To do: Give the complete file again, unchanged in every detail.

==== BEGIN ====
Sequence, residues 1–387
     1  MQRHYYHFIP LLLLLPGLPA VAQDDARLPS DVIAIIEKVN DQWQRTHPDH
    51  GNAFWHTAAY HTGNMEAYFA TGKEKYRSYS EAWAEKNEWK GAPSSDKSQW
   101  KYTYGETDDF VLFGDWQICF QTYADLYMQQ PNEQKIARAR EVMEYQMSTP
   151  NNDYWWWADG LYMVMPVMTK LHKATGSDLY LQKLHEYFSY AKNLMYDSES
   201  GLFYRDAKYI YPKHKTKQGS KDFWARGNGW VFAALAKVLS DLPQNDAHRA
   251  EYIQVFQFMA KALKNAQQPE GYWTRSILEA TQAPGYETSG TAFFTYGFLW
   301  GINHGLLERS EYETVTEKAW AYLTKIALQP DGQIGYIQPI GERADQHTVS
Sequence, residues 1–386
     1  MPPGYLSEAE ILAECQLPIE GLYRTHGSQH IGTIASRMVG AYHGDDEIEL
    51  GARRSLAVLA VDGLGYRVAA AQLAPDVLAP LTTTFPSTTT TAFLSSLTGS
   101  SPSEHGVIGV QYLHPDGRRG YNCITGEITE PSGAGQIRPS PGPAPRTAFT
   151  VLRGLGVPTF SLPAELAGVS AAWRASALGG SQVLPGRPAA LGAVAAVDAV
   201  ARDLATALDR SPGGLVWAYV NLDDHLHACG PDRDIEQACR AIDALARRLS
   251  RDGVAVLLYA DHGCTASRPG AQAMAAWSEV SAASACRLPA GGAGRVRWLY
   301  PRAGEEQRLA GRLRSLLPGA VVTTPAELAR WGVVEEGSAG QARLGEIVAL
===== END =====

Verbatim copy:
Sequence, residues 1–387
     1  MQRHYYHFIP LLLLLPGLPA VAQDDARLPS DVIAIIEKVN DQWQRTHPDH
    51  GNAFWHTAAY HTGNMEAYFA TGKEKYRSYS EAWAEKNEWK GAPSSDKSQW
   101  KYTYGETDDF VLFGDWQICF QTYADLYMQQ PNEQKIARAR EVMEYQMSTP
   151  NNDYWWWADG LYMVMPVMTK LHKATGSDLY LQKLHEYFSY AKNLMYDSES
   201  GLFYRDAKYI YPKHKTKQGS KDFWARGNGW VFAALAKVLS DLPQNDAHRA
   251  EYIQVFQFMA KALKNAQQPE GYWTRSILEA TQAPGYETSG TAFFTYGFLW
   301  GINHGLLERS EYETVTEKAW AYLTKIALQP DGQIGYIQPI GERADQHTVS
Sequence, residues 1–386
     1  MPPGYLSEAE ILAECQLPIE GLYRTHGSQH IGTIASRMVG AYHGDDEIEL
    51  GARRSLAVLA VDGLGYRVAA AQLAPDVLAP LTTTFPSTTT TAFLSSLTGS
   101  SPSEHGVIGV QYLHPDGRRG YNCITGEITE PSGAGQIRPS PGPAPRTAFT
   151  VLRGLGVPTF SLPAELAGVS AAWRASALGG SQVLPGRPAA LGAVAAVDAV
   201  ARDLATALDR SPGGLVWAYV NLDDHLHACG PDRDIEQACR AIDALARRLS
   251  RDGVAVLLYA DHGCTASRPG AQAMAAWSEV SAASACRLPA GGAGRVRWLY
   301  PRAGEEQRLA GRLRSLLPGA VVTTPAELAR WGVVEEGSAG QARLGEIVAL